The hall, situated at the top of two escalators, offers a wide-open interior with a sizable skylight. Restaurants are concentrated on the sides, and a large opening at the center overlooks the floor below. The space is outfitted with wood furnishings, marble countertops, Moroccan tiles, and gold and copper accents. It offers a mix of communal tables, individual banquettes, and high-top tables. There's also an outdoor terrace, something not usually seen in traditional mall food courts.
The highlight of Treats is Todd English's Figs + Mozzarella. The pizza bistro, executed by the Boston-based celebrity chef, serves rectangular pies topped with fig and balsamic jam, and mozzarella and basil. Each costs $10 to $15. It's not the $5 cheese pizza the mall's former food court once sold, but English's upscale version is a replacement that was welcomed by a line of ten customers on a recent Tuesday.
Next door is Hank & Harry's Deli. It's a branch of the New York-style delicatessen in Miami Beach that was founded by local restaurateurs Buzzy Sklar and Richard Booth. Here, you can order a generously stuffed corned beef and pastrami sandwich with a black-and-white sugar cookie for about $17 sans drink. It saves customers a trip to a chaotic deli in south Aventura while serving the same grade of food.
Then comes Danny Meyer's NYC-based Shake Shack. The upscale fast-food burger joint grills meat patties and fries chicken sandwiches. This location also boasts the Pie Oh My, frozen vanilla custard finished with a slice of key lime pie from the South Florida-based Good Pie Company. A burger, fries, and soda will set you back about $12, similar to a meal at Five Guys Burger & Fries, which operated in the former food court (and recently relocated to the opposite side of the mall).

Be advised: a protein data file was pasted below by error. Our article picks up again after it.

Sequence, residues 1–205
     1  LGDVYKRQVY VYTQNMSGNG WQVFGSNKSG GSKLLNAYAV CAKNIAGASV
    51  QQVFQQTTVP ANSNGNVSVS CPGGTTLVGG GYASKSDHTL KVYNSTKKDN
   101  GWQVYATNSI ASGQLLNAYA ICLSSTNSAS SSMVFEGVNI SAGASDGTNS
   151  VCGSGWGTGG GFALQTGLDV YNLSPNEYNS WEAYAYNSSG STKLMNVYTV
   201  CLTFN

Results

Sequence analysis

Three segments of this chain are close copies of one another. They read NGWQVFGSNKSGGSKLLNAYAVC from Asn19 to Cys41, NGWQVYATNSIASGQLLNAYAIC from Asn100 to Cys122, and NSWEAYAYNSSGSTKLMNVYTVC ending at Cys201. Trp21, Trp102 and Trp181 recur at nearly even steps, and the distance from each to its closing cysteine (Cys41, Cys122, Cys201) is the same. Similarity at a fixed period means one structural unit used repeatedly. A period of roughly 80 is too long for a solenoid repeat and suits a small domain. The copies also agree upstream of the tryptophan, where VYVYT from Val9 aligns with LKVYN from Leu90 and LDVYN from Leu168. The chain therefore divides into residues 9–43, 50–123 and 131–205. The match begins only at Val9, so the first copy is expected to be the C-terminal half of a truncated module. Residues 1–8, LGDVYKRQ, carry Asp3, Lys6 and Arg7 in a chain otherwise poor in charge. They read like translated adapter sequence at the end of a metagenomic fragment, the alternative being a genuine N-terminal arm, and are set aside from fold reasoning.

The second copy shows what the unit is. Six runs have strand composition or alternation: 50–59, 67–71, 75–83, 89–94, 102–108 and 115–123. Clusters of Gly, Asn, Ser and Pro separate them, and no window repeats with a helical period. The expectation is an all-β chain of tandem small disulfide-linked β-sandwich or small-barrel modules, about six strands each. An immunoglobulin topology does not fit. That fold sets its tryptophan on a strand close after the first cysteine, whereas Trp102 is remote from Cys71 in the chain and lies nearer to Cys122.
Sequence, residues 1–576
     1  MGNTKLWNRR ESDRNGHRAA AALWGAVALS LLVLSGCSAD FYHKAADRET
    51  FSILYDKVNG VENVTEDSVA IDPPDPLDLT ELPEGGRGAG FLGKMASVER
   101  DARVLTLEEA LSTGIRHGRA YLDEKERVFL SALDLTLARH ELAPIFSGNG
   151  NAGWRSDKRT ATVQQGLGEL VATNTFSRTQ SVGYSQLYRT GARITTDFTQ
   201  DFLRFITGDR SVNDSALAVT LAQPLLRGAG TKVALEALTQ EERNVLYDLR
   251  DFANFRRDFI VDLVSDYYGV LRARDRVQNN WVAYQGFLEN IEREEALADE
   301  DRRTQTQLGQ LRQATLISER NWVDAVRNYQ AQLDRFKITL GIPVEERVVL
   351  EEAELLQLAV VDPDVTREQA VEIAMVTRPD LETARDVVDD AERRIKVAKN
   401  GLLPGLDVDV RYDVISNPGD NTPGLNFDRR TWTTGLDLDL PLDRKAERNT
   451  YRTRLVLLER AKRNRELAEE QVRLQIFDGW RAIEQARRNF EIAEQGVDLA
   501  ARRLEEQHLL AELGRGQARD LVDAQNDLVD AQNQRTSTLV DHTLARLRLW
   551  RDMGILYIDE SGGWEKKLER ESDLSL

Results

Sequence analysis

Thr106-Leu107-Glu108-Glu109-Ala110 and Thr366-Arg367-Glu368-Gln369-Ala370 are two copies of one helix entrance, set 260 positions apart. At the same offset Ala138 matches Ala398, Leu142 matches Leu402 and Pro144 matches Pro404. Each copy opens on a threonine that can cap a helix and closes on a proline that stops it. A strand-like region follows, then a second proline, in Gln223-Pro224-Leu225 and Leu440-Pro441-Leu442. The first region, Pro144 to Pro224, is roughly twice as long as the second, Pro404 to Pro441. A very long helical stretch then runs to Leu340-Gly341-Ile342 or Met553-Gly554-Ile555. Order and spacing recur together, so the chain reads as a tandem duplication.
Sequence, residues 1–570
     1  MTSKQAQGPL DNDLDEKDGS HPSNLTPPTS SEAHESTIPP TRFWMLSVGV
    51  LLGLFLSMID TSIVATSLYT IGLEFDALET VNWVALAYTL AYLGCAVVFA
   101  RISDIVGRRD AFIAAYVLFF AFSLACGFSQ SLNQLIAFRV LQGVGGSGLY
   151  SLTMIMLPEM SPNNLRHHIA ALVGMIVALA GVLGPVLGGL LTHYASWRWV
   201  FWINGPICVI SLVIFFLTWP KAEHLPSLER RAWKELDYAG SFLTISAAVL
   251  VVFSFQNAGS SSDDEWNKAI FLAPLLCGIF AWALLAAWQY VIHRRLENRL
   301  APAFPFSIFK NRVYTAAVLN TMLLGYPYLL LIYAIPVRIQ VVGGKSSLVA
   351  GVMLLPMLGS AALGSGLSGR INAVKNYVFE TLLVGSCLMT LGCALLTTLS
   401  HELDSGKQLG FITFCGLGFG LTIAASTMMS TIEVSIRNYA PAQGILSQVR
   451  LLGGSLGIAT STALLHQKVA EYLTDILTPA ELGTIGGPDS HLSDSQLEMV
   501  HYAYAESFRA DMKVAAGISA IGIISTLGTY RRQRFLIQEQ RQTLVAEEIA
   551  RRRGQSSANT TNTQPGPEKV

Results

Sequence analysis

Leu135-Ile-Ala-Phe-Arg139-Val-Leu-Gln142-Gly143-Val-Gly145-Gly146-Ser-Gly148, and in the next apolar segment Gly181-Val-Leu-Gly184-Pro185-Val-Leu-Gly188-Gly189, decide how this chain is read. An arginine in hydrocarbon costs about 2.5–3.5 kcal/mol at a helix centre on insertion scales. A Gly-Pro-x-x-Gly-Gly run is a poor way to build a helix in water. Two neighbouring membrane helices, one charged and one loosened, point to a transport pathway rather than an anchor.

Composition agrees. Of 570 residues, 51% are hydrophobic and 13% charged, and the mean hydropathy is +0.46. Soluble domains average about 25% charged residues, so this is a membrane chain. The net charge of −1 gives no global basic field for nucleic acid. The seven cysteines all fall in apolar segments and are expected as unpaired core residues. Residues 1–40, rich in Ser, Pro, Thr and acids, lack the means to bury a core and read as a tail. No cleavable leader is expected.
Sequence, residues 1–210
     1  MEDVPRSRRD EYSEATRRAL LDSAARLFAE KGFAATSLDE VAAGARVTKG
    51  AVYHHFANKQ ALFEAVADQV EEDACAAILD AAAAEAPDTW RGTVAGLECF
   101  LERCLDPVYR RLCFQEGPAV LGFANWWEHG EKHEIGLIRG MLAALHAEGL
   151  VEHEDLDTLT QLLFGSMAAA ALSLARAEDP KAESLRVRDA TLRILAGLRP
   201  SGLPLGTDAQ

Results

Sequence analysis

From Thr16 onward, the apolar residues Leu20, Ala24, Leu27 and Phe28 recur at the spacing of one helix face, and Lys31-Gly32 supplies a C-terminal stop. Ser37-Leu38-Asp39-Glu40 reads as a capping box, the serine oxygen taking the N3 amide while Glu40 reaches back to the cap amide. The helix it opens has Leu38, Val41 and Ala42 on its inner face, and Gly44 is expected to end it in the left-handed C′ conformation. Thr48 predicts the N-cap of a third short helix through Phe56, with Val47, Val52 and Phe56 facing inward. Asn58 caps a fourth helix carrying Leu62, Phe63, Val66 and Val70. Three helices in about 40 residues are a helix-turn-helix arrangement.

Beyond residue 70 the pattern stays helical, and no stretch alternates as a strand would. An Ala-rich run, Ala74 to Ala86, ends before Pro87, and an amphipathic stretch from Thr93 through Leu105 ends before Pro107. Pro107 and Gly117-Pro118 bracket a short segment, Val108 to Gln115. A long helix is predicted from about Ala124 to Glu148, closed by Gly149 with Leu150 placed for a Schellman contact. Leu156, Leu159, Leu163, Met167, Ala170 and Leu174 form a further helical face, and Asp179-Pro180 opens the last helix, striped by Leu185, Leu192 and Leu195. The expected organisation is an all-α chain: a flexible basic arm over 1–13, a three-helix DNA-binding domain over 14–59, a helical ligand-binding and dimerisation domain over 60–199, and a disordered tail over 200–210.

For something lighter, try Zuuk, created by James Beard-nominated Miami chef Sam Gorenstein and partner Roger Duarte. You'll find bowls, salads, and rolls filled with Mediterranean-inspired ingredients such as turmeric rice, baba ghanouj, baked falafel, and spicy harissa. Or opt for a meal at an outpost of their popular My Ceviche chain, directly across from Zuuk, offering customizable ceviche bowls. Prices for both average $10 to $15.
Treats' outdoor terrace overlooks a piazza, home to a half-dozen well-known Miami restaurants. There is a Pubbelly Sushi, where chef Jose Mendin serves shrimp ceviche taquitos stuffed with avocado mousse ($10 and up), and Michael Schwartz's Genuine Pizza, offering pies such as Parmigiana and fontina, and short rib with Gruyère and caramelized onion ($13 to $17).
Above the piazza, NYC eatery Serafina cooks elevated Italian food including pastas, pizzas, and entrées such as a filet mignon burger topped with Gorgonzola, and aslice of bass in a Pinot Grigio dressing atop a bed of zucchini and leeks.You'll easily spend around $30 to $50 for a meal with a glass of wine and dessert.
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"The food is really good, which to me excuses the fact that I'm eating a $20 bowl of pasta inside a loud mall," says Tal Harel, a 22-year-old blonde with brown eyes. "Eating in the mall is definitely not as cheap as it used to be, but neither is the shopping. There's a Tesla store next to this restaurant with $100,000 cars, so it sort of makes sense."
By the end of April, Tap 42 will open a 6,300-square-foot space with an adjoining 1,200-square-foot patio. Located on the second floor of the mall's expanded wing, the Fort Lauderdale-based restaurant will bring a vibrant bar scene and elevated comfort food. It will offer 40 beers on tap, a large socializing component, and a lineup of burgers. "We recognized a need in Aventura for a cool, affordable dining and drinking destination," partner Alex Rudolph says.
By year's end, Michael Mina and Ayesha Curry's International Smoke will open with grilled meats. Miami Beach's Rosetta Bakery, Danish juice-bar franchise Joe & the Juice, and Brickell's Poke 305 are also slated to debut soon.
"We want our visitors to experience Miami when they dine at Aventura Mall," Soffer says.